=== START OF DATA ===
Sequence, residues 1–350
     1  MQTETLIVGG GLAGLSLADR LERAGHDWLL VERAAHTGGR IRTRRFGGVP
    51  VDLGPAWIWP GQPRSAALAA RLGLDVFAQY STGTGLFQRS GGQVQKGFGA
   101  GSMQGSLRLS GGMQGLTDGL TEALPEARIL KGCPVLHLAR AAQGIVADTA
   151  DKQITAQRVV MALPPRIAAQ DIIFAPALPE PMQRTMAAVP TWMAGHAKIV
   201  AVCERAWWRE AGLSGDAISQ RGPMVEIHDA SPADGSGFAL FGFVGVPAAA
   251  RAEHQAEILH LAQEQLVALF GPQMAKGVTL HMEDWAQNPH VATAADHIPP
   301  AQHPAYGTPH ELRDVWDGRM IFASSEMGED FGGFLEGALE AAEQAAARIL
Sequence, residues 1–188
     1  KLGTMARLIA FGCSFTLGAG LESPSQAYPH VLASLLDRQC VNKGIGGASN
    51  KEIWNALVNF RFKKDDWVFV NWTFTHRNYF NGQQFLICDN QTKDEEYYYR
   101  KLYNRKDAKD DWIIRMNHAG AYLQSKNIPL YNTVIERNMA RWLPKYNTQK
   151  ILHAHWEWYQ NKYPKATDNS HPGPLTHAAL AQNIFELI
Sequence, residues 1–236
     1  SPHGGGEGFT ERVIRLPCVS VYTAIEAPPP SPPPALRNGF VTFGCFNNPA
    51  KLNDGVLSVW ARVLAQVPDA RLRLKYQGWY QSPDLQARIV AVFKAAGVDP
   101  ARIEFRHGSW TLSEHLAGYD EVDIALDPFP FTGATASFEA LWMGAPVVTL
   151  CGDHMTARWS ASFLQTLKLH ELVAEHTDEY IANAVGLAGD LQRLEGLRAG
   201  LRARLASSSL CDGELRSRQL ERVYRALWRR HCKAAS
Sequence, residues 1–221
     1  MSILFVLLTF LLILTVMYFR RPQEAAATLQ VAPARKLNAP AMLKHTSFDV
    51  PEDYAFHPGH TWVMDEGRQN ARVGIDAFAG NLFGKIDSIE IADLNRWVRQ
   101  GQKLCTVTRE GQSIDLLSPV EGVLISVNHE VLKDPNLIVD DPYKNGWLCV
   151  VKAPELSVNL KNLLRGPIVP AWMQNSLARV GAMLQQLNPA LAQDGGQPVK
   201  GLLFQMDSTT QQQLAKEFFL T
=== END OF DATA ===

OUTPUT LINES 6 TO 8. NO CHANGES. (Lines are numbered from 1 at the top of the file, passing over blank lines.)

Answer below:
   201  AVCERAWWRE AGLSGDAISQ RGPMVEIHDA SPADGSGFAL FGFVGVPAAA
   251  RAEHQAEILH LAQEQLVALF GPQMAKGVTL HMEDWAQNPH VATAADHIPP
   301  AQHPAYGTPH ELRDVWDGRM IFASSEMGED FGGFLEGALE AAEQAAARIL